Mitt Romney’s Fundamental Problem

By: Inoljt,

Mitt Romney has a big problem.

It’s not “Romneycare.”

It’s not his Mormonism.

It’s not his shifting positions on social issues, such as abortion.

All the above are merely symptoms of Mr. Romney’s big problem.

Mr. Romney, simply put, is just not a very good politician. Americans take a look at him, and they just don’t like him on a personal, instinctual level. They then find a reasonable – or perhaps not so reasonable – rationalization to explain why they don’t like him. He’s fake. He doesn’t have much in common with the average American. He’s a flip-flopper. He’s Mormon. Romneycare. Etc.

This is the same problem John Edwards had running for president. There was nothing specifically which Mr. Edwards did wrong; he said all the right things, he had all the right credentials. But voters just didn’t like Mr. Edwards; on some level they felt uncomfortable with him. Eventually the media came up with stories tapping into this gut discomfort: Edwards was insincere, Edwards got incredibly expensive hair cuts, etc.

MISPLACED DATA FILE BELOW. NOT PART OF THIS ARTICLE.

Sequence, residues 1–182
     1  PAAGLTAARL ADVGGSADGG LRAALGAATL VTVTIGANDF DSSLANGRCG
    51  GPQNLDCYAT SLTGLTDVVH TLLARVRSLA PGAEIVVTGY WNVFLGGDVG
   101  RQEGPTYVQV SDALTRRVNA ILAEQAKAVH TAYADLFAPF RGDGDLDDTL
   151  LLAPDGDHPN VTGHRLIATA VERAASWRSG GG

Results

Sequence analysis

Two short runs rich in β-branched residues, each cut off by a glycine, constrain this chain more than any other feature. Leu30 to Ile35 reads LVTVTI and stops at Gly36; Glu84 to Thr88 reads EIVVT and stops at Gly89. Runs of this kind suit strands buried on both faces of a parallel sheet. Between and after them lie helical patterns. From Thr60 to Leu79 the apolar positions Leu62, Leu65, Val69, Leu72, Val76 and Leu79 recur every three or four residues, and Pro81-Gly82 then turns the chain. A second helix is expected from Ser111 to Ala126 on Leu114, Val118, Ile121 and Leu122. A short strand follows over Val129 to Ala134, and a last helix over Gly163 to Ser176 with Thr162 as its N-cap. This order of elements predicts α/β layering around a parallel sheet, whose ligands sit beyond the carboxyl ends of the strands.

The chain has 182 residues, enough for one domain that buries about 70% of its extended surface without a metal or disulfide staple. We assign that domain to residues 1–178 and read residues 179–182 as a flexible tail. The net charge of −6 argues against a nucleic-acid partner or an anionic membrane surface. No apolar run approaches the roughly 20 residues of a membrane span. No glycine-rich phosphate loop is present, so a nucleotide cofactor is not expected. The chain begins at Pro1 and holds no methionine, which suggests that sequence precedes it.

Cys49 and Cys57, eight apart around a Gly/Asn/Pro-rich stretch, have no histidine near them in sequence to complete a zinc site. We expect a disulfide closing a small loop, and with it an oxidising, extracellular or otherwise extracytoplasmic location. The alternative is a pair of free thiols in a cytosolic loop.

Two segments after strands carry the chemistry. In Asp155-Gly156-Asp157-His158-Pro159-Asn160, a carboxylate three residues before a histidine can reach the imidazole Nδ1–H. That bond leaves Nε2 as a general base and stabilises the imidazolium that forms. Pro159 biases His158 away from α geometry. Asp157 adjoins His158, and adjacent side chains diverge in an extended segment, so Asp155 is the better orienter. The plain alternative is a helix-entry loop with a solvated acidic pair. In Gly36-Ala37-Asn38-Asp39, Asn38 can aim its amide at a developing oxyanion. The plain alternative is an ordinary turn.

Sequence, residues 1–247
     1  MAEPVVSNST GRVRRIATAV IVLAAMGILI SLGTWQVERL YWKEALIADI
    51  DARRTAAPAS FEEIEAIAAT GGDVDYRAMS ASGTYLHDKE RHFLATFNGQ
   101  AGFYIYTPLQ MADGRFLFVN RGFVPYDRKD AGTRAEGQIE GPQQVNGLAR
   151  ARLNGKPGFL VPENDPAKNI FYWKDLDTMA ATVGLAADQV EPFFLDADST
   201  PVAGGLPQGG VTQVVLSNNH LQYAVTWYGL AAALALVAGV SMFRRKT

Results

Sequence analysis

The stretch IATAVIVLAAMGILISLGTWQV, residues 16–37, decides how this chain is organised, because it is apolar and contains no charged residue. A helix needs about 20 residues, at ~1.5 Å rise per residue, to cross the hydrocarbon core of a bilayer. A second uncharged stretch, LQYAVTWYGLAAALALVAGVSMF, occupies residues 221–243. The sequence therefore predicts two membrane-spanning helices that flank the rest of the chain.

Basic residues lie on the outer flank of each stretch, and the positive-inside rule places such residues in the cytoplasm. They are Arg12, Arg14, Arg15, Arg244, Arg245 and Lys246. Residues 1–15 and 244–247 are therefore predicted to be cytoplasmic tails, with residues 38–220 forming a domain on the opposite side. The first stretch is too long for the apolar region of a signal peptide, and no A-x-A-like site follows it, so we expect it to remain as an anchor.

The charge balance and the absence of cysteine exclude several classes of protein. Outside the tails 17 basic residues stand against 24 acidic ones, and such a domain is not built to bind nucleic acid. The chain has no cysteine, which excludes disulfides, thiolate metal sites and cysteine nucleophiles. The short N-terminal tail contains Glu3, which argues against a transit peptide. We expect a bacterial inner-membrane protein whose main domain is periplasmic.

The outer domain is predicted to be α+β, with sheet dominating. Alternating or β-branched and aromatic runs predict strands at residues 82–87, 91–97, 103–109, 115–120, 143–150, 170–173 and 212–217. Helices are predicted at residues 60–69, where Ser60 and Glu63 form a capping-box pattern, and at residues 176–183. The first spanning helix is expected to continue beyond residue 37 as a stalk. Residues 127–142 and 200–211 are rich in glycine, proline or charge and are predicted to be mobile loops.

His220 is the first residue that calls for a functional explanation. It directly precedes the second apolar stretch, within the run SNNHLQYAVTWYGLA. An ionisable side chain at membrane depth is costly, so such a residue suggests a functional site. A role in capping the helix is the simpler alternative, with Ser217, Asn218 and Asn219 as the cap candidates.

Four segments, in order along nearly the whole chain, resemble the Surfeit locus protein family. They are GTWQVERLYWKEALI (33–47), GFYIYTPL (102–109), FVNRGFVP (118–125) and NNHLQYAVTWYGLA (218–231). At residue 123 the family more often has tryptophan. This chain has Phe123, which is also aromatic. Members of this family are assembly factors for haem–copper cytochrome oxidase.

Back in the 2008 presidential primaries, Republican analyst Jay Cost wrote a revealing post:

[Mitt Romney's] candidacy has been the most transparently strategic this cycle. McCain is up? Go after McCain. McCain is down? Leave McCain alone. Thompson enters the race and seems a threat? Take a cheap shot about Law and Order. Thompson fades? Ignore him. Rudy is up? Go after Rudy. Huckabee is up? Go after Huck. You need to win a Republican primary? Make yourself the most socially conservative candidate in the race. And on and on and on.

If somebody asked me which candidate on the Republican side has won just a single election (in a year that his party did very well nationwide) — I would answer Mitt Romney, even knowing nothing about anybody’s biography. This kind of transparency is, to me, a sign of political inexperience. He’s only won one election, and it shows.